Speaking of open access, I hope that most of you have heard about the US Research Works Act, which is a bill before Congress that would roll back the open access policies of some federal grant agencies. I urge you all to do what you can to raise awareness of this. Here is some essential reading:
- An opinion piece in the Guardian: “Academic publishers have become the enemies of science: The US Research Works Act would allow publishers to line their pockets by locking publicly funded research behind paywalls”.
- An editorial by Michael Eisen in the NYT: “Research Bought, Then Paid For”.
- Related posts on Eisen’s blog:
- Some notes on the act from Peter Suber, especially on growing dissent from academic publishers that are members of the Association of American Publishers, which has endorsed the bill.
- Peter Suber’s postings on Google+ are a convenient way to follow the issue.
My position on this is exactly the one very forcefully put by Harvard Provost Alan M. Garber:
“We endorse the view that every federal agency funding non-classified research should require free online access to the full-text, peer-reviewed results of that research as soon as possible after its publication. There are three powerful reasons to take such a step. First, taxpayers deserve access to the results of taxpayer-funded research. It is their right. Second, public access maximizes the visibility and usefulness of this research, which in turn maximizes the return on the public’s enormous investment in that research. Third, public access accelerates research and all the benefits that depend on research, from public health to economic development, manufacturing, and jobs …”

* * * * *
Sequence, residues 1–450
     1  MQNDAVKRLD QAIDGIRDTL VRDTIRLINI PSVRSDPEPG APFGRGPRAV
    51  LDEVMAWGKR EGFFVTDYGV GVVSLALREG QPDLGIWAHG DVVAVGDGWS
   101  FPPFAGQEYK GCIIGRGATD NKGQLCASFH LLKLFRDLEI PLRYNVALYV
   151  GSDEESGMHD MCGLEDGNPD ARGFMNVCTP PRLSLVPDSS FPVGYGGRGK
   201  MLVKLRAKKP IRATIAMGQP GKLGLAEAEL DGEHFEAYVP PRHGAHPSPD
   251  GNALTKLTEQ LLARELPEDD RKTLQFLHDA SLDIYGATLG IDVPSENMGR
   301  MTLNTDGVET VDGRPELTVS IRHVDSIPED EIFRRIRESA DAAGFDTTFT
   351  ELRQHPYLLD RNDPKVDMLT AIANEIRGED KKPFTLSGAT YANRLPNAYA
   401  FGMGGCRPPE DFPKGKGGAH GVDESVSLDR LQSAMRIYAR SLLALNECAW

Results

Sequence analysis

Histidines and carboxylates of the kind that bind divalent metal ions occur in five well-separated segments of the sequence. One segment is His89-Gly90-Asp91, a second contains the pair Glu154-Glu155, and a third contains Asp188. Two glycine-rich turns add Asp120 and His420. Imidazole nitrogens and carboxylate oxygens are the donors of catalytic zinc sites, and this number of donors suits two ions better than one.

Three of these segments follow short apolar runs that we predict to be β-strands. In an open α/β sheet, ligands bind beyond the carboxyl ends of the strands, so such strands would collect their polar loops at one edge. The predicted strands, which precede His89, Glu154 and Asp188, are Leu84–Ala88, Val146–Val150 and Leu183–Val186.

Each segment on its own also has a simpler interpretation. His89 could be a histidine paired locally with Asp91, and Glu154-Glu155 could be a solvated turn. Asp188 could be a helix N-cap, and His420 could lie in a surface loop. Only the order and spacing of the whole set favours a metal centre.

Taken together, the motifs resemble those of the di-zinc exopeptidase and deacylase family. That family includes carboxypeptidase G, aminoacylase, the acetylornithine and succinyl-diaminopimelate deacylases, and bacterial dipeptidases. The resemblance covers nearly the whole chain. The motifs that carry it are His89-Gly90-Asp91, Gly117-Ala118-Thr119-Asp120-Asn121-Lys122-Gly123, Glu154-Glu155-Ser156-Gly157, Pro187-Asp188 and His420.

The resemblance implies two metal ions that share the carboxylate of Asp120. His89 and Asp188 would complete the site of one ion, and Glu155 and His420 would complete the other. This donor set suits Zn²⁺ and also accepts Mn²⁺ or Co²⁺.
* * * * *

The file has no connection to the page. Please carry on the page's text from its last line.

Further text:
Update (2012-01-18): Good news. Two of the big guns, Nature and Science have come out in opposition to the Research Works Act and in support of the NIH Open Access Policy. It’s very clear that Elsevier and their cronies are isolated in the scientific community, but unfortunately they have the ears of many ill-informed congresspeople.